The Canary Islands, also known informally as the Canaries, is a Spanish archipelago in the Atlantic Ocean, in a region known as Macaronesia. At their closest point to the African mainland, they are 100 kilometres (62 miles) west of Morocco. They are the southernmost of the autonomous communities of Spain, and are located in the African Tectonic Plate. The archipelago is economically and politically European, and is part of the European Union.
The eight main islands are (from largest to smallest in area) Tenerife, Fuerteventura, Gran Canaria, Lanzarote, La Palma, La Gomera, El Hierro and La Graciosa. The archipelago includes many smaller islands and islets, including Alegranza, Isla de Lobos, Montaña Clara, Roque del Oeste, and Roque del Este. It also includes a number of rocks, including those of Salmor, Fasnia, Bonanza, Garachico, and Anaga. In ancient times, the island chain was often referred to as “the Fortunate Isles”. The Canary Islands are the southernmost region of Spain, and the largest and most populous archipelago of Macaronesia. Because of their location, the Canary Islands have historically been considered a bridge between the four continents of Africa, North America, South America, and Europe.
In 2019, the Canary Islands had a population of 2,153,389 with a density of 287.39 inhabitants per km2, making it the eighth most populous autonomous community. The population is mostly concentrated in the two capital islands: around 43% on the island of Tenerife and 40% on the island of Gran Canaria.
The Canary Islands, especially Tenerife, Gran Canaria, Fuerteventura, and Lanzarote, are a major tourist destination, with over 12 million visitors per year. This is due to their beaches, subtropical climate, and important natural attractions, especially Maspalomas in Gran Canaria, Teide National Park, and Mount Teide (a World Heritage Site) in Tenerife. Mount Teide is the highest peak in Spain and the third tallest volcano in the world, measured from its base on the ocean floor. Because of the islands’ subtropical climate, it has long, hot summers, and moderately warm winters. The amount of precipitation and the level of maritime moderation vary depending on location and elevation. The archipelago includes green areas as well as desert areas.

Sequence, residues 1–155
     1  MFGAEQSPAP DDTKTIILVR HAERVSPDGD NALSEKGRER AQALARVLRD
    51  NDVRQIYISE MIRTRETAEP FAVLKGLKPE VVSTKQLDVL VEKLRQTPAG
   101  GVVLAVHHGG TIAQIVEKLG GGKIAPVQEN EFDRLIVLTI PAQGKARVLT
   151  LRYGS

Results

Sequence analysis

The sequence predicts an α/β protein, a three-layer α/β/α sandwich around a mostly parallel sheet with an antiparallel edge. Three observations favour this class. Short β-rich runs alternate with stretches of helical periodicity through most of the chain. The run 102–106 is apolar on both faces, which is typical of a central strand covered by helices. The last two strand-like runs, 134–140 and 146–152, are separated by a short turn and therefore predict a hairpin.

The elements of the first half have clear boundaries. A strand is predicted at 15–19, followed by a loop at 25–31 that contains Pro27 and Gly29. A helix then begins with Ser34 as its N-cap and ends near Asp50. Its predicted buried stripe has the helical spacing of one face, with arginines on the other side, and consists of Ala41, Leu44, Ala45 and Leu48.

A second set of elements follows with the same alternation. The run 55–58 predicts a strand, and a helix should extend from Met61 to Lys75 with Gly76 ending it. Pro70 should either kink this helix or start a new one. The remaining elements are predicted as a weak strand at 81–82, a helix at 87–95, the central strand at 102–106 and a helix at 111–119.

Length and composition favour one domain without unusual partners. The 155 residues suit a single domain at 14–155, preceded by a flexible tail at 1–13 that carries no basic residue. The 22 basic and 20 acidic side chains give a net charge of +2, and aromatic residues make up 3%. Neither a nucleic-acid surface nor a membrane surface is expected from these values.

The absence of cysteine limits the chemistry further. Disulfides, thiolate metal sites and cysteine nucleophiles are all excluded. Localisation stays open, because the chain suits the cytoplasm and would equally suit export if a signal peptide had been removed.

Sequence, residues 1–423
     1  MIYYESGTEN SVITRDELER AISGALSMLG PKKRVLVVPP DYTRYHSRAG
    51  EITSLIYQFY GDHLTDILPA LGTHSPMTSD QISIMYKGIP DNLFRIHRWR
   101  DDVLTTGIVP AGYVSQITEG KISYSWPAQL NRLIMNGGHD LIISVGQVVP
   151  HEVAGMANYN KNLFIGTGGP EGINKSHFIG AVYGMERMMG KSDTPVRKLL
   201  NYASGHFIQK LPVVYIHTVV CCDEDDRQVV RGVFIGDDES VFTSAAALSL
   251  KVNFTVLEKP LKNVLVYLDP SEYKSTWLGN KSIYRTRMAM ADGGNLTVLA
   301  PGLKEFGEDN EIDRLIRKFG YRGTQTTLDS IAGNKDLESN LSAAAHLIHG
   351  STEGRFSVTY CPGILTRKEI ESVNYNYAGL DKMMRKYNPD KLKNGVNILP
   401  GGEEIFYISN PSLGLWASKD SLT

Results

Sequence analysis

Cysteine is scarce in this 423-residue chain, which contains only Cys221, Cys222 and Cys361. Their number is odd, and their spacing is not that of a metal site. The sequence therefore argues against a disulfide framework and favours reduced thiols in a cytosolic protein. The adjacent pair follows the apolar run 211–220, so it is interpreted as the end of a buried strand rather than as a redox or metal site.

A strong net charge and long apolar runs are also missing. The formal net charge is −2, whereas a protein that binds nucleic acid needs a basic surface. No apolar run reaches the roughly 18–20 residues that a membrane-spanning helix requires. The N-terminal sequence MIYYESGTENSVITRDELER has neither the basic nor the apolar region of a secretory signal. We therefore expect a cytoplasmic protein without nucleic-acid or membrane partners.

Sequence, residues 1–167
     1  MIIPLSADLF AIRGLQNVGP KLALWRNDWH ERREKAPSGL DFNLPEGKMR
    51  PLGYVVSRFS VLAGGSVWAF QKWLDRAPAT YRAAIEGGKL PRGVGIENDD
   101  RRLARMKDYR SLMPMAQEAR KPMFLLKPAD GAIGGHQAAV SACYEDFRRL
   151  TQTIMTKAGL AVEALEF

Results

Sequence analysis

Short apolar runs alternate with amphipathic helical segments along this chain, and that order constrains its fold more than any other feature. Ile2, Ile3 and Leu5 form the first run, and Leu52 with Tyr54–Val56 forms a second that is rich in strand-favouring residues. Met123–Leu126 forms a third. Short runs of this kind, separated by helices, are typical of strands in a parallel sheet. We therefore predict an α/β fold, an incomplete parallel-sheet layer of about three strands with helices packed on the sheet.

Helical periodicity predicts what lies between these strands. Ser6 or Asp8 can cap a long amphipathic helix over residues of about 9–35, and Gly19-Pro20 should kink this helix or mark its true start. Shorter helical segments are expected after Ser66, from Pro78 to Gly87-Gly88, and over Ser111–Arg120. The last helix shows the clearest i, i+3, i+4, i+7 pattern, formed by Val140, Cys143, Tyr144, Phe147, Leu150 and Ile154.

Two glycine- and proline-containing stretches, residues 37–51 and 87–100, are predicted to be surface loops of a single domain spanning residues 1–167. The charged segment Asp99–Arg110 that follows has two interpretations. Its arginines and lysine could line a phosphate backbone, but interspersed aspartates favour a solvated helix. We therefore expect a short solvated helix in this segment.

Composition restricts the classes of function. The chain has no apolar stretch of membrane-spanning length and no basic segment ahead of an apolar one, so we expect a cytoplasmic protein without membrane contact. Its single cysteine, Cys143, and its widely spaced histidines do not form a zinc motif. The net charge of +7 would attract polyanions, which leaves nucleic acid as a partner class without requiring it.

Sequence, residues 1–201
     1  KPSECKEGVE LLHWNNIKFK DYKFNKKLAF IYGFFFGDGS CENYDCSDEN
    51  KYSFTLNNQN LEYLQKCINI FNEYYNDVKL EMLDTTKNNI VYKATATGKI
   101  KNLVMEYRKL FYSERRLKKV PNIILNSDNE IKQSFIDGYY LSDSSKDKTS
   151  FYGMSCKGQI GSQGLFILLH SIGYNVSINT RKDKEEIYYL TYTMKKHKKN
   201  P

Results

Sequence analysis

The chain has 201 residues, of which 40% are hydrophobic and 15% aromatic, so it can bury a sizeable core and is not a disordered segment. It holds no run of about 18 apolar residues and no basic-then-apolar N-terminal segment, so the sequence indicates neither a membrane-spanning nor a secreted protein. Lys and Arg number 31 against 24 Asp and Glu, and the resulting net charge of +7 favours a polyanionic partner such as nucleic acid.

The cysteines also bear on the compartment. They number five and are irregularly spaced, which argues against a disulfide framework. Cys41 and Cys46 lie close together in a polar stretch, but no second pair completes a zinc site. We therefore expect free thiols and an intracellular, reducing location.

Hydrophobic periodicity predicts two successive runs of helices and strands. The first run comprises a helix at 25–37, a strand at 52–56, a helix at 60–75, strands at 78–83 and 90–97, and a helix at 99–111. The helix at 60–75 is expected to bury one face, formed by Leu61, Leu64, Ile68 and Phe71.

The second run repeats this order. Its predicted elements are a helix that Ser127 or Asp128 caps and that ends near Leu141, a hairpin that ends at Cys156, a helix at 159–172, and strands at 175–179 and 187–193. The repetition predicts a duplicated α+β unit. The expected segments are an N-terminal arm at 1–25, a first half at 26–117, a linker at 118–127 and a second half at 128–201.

During the era of the Spanish Empire, the Canaries were the main stopover for Spanish galleons on their way to the Americas, which sailed that far south in order to catch the prevailing northeasterly trade winds.
Ancient and Pre-Colonial:
The islands may have been visited by the Phoenicians, the Greeks, and the Carthaginians. King Juba II, Caesar Augustus‘s Numidian protégé, is credited with discovering the islands for the Western world. According to Pliny the Elder, Juba found the islands uninhabited, but found “a small temple of stone” and “some traces of buildings”. Juba dispatched a naval contingent to re-open the dye production facility at Mogador in what is now western Morocco in the early first century AD.
When the Europeans began to explore the islands in the late Middle Ages, they encountered several indigenous peoples living at a Neolithic level of technology. Although the prehistory of the settlement of the Canary Islands is still unclear, linguistic and genetic analyses seem to indicate that at least some of these inhabitants shared a common origin with the Berbers on the nearby North African coast. The precolonial inhabitants came to be known collectively as the Guanches, although Guanches had been the name for only the indigenous inhabitants of Tenerife. From the 14th century onward, numerous visits were made by sailors from Majorca, Portugal and Genoa.
In 1402, the Castilian conquest of the islands began, with the expedition of the French explorers Jean de Béthencourt and Gadifer de la Salle, nobles and vassals of Henry III of Castile, to Lanzarote. From there, they went on to conquer Fuerteventura (1405) and El Hierro. Béthencourt received the title King of the Canary Islands, but still recognised King Henry III as his overlord.